Towards Control-Oriented Modeling of Natural Gas-Diesel RCCI Combustion
For natural gas (NG)-diesel RCCI, a multi-zonal, detailed chemistry modeling approach is presented. This dual fuel combustion process requires further understanding of the ignition and combustion processes to maximize thermal efficiency and minimize (partially) unburned fuel emissions. The introduction of two fuels with different physical and chemical properties makes the combustion process complicated and challenging to model. In this study, a multi-zone approach is applied to NG-diesel RCCI combustion in a heavy-duty engine. Auto-ignition chemistry is believed to be the key process in RCCI. Starting from a multi-zone model that can describe auto-ignition dominated processes, such as HCCI and PCCI, this model is adapted by including reaction mechanisms for natural gas and NOx and by improving the incylinder pressure prediction. The model is validated using NG-diesel RCCI measurements that are performed on a 6 cylinder heavy-duty engine. For three different engine operating points, it is operated at various diesel injection timings and NG-diesel blend ratios. The validation is focused on variables that are relevant for engine control, such as CA50, peak cylinder pressure, and engine-out NOx emissions. The validation shows that the multi-zone method with detailed chemistry reproduces the correct trends for important control parameters. From this validated model, real-time, map-based RCCI models are derived, which are considered to be an important step towards model-based NG-diesel RCCI control development.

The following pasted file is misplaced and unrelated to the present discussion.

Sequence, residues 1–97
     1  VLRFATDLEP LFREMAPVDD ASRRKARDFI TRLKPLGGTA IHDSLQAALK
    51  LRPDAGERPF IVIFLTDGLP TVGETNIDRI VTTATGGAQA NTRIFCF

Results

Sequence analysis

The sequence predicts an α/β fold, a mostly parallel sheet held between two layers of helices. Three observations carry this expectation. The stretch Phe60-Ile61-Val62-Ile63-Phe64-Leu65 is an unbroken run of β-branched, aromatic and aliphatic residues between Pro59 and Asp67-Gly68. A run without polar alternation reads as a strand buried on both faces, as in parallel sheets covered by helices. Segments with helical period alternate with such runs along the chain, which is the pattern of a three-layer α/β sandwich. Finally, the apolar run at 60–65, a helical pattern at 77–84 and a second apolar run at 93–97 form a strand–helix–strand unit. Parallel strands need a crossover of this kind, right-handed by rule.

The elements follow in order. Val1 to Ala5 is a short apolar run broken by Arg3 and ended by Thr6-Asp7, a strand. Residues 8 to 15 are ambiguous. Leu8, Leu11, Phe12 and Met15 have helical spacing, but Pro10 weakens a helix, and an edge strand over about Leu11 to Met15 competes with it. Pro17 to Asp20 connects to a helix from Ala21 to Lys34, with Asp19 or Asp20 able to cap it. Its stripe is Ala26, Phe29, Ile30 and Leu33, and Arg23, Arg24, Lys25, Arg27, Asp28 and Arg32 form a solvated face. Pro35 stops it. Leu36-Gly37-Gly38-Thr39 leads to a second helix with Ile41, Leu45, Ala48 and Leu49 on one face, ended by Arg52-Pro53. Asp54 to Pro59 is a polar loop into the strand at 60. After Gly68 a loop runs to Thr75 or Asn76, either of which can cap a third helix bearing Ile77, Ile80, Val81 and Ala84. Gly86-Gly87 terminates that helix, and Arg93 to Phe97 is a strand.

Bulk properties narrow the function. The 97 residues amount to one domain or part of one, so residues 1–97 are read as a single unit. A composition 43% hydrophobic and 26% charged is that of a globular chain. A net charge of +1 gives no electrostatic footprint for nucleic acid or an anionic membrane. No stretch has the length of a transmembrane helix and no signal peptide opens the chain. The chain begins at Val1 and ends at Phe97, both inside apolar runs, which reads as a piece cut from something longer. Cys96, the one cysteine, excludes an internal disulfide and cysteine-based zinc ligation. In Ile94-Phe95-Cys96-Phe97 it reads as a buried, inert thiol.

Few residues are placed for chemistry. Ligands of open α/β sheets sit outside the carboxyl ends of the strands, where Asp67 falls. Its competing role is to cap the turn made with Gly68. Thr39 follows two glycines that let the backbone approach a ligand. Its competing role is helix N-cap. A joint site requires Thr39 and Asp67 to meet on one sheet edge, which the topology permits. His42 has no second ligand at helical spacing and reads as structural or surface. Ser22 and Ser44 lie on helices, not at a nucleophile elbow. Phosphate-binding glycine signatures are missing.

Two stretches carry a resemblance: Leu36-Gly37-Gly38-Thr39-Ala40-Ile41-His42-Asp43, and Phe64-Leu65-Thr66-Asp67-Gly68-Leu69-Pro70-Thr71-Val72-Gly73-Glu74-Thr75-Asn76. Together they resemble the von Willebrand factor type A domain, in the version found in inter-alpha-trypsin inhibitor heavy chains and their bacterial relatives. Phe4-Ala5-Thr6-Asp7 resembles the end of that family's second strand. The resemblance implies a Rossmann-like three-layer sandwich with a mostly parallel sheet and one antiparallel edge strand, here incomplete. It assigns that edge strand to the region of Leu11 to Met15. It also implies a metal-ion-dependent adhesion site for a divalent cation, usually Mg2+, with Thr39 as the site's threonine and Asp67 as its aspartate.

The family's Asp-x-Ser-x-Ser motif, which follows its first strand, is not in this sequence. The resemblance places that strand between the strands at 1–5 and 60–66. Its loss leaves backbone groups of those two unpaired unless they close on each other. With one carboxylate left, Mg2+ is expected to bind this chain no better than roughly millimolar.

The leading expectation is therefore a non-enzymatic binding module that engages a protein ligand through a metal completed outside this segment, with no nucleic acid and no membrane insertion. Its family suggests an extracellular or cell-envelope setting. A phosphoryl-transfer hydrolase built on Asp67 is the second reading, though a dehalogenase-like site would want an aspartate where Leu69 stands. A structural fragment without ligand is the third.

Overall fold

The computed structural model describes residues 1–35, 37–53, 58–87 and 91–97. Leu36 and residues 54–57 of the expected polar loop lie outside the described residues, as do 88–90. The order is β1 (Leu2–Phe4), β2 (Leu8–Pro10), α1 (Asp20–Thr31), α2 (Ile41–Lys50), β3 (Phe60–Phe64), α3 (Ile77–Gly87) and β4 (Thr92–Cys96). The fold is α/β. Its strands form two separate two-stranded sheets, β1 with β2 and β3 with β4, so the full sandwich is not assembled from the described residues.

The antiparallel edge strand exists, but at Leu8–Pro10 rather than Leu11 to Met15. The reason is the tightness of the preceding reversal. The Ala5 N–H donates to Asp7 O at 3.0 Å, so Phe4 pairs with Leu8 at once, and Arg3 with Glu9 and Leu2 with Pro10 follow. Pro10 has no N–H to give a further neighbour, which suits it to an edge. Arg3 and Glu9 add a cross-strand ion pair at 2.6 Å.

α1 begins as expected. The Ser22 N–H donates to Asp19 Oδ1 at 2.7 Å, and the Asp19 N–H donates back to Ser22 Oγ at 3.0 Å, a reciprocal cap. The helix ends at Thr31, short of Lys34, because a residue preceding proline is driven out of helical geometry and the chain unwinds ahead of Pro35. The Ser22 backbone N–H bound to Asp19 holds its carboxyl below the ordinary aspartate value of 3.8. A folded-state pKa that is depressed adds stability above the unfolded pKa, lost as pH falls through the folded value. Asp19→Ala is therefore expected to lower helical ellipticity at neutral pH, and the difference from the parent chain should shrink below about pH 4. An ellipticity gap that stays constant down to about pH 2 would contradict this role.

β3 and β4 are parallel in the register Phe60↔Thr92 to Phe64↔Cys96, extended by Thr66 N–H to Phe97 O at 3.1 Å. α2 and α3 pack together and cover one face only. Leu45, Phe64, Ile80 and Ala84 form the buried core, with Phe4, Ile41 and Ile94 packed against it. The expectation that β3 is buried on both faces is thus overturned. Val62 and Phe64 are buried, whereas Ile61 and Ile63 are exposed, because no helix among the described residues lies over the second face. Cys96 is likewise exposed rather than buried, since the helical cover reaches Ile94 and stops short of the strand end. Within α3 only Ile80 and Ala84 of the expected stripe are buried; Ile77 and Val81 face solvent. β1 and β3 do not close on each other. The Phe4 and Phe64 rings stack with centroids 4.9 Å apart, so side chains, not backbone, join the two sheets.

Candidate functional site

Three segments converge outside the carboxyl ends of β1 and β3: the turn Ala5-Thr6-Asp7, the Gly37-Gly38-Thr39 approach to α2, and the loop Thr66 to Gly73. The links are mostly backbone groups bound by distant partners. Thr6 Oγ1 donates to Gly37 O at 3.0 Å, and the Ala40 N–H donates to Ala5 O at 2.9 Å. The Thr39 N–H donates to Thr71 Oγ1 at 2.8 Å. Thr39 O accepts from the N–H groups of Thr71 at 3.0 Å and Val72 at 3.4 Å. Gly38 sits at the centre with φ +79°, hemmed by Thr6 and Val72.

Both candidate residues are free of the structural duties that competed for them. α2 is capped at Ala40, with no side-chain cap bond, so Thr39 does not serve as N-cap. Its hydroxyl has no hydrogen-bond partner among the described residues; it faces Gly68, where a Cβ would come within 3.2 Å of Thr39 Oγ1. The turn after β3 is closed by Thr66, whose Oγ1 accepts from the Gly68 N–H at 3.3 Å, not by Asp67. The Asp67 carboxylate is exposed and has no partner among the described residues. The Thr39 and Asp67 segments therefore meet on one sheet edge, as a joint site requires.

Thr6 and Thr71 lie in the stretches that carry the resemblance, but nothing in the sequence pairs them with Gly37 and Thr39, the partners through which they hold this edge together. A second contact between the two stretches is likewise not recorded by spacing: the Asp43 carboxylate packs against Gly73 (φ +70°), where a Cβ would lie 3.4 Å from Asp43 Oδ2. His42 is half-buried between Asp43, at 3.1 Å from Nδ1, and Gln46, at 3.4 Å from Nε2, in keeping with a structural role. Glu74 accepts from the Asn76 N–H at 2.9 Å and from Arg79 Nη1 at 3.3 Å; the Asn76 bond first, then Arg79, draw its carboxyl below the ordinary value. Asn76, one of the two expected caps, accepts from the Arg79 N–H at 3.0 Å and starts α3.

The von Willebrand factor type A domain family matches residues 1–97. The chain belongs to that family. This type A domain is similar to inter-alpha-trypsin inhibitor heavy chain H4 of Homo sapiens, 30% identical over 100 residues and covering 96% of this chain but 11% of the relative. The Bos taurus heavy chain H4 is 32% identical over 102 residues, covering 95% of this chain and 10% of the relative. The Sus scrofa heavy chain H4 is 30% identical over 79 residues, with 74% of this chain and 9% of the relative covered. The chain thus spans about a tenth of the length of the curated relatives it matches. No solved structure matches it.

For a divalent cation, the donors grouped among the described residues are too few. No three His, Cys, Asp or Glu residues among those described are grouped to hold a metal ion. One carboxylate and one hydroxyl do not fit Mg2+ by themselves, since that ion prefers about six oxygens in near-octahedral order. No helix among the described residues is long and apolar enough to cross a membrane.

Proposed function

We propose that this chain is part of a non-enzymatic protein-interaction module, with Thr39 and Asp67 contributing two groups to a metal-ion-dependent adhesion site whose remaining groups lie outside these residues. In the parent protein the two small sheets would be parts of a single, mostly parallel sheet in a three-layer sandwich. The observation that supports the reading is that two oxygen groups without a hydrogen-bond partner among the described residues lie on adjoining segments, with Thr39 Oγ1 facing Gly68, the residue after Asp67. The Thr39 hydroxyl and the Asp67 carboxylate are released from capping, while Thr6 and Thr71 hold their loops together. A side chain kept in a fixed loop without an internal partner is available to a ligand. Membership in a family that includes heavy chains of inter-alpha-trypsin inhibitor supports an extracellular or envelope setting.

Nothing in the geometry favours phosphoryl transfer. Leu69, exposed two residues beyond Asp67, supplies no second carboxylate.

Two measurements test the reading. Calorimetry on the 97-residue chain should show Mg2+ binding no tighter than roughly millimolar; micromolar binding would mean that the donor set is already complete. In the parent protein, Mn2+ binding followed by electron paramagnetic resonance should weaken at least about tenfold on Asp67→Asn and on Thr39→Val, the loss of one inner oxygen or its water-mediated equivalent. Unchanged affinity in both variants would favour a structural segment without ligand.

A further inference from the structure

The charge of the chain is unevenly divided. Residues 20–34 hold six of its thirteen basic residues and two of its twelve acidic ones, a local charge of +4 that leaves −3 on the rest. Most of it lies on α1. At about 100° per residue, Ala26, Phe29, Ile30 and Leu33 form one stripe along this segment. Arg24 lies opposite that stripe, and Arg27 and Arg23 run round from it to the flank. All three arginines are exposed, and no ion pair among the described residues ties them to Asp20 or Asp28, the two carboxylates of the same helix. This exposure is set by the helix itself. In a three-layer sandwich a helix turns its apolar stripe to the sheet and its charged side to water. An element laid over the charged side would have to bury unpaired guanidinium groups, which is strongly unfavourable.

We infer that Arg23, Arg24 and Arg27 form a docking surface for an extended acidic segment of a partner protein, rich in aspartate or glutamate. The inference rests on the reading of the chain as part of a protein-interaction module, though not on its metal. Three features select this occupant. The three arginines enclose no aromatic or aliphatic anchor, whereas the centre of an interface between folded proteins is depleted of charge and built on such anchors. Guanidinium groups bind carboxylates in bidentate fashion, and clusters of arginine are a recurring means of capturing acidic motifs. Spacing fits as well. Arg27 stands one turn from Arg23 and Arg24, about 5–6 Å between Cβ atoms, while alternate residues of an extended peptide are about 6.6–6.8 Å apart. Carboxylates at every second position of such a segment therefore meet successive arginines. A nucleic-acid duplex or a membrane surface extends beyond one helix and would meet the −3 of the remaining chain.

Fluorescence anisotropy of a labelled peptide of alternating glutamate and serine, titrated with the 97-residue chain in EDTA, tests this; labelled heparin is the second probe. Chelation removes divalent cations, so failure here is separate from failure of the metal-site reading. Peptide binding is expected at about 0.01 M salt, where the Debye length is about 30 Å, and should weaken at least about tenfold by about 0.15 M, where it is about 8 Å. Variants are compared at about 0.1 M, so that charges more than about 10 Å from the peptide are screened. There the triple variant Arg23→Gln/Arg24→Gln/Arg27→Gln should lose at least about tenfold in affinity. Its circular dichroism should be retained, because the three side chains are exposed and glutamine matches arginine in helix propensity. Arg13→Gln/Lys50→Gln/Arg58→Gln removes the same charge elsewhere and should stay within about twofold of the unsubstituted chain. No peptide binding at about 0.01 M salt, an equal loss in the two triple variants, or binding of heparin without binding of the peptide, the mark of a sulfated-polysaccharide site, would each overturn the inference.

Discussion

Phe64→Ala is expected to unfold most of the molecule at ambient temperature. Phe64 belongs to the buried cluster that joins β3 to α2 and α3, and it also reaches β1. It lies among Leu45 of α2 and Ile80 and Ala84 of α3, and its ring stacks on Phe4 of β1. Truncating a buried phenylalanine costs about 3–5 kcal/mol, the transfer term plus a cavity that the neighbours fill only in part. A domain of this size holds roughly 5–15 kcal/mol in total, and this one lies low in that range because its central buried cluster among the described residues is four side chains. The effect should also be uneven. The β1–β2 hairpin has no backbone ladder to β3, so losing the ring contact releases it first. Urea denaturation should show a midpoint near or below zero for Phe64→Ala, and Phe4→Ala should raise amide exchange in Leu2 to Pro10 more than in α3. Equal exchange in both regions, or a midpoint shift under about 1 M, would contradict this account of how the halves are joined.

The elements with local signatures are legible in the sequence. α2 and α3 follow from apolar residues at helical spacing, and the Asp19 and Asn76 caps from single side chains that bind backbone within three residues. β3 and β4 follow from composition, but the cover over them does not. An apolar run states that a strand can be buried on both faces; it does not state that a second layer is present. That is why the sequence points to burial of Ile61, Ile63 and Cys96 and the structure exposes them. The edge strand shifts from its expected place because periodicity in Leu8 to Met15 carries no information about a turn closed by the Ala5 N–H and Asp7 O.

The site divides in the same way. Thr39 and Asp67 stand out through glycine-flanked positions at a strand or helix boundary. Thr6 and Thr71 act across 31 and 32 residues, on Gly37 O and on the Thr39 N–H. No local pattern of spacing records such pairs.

Fluid Mechanics Chemistry & Energetics
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PT - Power Trains
TS - Technical Sciences
Mobility Industrial Innovation
SAE Technical Paper